A European star decides against playing the PGA Tour: An indictment of the PGA Tour and its commissioner or business as usual?
Here is the first paragraph from a New York Times' story published June 14, 1989 -- more than 21 years ago:
"Seve Ballesteros walked out of a meeting today with Deane Beman, commissioner of the PGA Tour, and claimed Beman had refused to consider proposals to allow foreign members of the Tour to play fewer than the minimum of 15 tournaments a year."
Later in the story: ''Beman refused everything,'' Ballesteros said. ''He refused our proposal for 12 or so tournaments. He refused to consider players being allowed on the American Tour according to achievement. He refused to have a referendum of all of the American PGA Tour players to see if they would vote for us. He refused everything. I left.''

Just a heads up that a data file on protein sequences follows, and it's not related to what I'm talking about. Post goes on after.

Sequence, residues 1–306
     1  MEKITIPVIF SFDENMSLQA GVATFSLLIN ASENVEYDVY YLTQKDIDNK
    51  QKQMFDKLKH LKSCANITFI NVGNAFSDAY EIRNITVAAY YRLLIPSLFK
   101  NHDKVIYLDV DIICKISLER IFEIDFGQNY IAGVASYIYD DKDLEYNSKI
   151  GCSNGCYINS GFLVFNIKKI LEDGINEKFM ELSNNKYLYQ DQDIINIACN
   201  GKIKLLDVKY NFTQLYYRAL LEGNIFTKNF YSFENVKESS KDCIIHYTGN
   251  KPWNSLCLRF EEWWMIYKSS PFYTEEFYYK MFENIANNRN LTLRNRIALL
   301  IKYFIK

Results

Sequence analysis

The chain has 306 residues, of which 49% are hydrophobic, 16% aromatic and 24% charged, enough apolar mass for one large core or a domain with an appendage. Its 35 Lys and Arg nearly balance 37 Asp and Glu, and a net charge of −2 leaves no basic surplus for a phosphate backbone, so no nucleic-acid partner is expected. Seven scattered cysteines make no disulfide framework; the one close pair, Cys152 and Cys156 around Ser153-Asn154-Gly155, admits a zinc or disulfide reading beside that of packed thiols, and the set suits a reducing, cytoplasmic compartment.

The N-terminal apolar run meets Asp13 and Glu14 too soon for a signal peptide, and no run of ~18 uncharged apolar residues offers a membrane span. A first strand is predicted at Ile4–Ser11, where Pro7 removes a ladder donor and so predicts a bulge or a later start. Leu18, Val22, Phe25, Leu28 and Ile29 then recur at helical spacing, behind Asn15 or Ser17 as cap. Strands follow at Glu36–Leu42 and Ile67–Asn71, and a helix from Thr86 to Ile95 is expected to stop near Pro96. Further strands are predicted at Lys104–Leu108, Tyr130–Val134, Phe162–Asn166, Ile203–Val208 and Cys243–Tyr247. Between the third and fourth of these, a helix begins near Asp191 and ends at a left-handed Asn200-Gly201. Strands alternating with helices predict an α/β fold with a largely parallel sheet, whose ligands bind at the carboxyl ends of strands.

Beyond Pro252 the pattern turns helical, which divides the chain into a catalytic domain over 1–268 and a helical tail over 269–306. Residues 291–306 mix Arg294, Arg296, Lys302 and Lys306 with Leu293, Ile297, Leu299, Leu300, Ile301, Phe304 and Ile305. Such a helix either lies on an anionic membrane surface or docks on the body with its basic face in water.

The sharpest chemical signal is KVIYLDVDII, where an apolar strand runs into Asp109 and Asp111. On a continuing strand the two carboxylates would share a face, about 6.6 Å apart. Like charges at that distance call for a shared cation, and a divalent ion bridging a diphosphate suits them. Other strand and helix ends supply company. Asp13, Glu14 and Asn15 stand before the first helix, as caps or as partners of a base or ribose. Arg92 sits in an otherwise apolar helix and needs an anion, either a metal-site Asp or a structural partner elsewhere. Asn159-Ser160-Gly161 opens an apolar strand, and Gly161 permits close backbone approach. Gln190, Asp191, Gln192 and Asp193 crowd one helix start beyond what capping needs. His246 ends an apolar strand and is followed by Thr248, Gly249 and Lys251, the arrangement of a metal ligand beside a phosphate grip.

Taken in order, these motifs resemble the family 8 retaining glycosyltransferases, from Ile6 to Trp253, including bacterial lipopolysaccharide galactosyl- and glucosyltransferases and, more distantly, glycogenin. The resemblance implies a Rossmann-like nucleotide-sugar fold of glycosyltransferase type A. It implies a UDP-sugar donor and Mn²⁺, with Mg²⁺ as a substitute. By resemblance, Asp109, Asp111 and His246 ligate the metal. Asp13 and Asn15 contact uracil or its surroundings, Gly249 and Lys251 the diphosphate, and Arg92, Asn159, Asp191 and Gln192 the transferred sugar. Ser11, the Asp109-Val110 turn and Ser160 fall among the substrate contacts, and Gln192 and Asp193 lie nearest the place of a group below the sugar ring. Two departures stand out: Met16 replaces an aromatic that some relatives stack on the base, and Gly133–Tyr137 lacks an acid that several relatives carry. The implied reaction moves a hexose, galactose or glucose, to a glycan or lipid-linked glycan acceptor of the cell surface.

Ballesteros, who ended 1988 as No. 1 in the World Ranking, never did rejoin the PGA Tour (he was a member only in 1984), which continues to maintain its 15-tournament minimum for membership.
Flash forward. On Monday, Rory McIlroy bemoaned the 15-tournament minimum: "At the end of the day, the FedEx Cup is really all about money and I was just playing in it this year to make up my mandatory 15 tournaments."
Putting aside the fact that most everything is all about money in professional golf (hence the number of the game's elite that turn out for events paying large appearance fees), McIlroy's decision is not unique. Nor is it an indictment on the PGA Tour and its commissioner, as some suggest.
It's simply an old story resurrected.
-- John Strege